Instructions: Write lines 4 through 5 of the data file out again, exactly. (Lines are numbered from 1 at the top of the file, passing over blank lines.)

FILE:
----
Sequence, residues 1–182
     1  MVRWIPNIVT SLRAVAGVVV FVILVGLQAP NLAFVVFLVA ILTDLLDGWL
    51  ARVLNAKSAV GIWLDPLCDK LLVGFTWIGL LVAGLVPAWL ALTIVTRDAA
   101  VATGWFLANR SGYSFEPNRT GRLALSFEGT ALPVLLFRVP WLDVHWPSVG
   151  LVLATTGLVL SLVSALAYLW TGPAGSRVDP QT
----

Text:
   101  VATGWFLANR SGYSFEPNRT GRLALSFEGT ALPVLLFRVP WLDVHWPSVG
   151  LVLATTGLVL SLVSALAYLW TGPAGSRVDP QT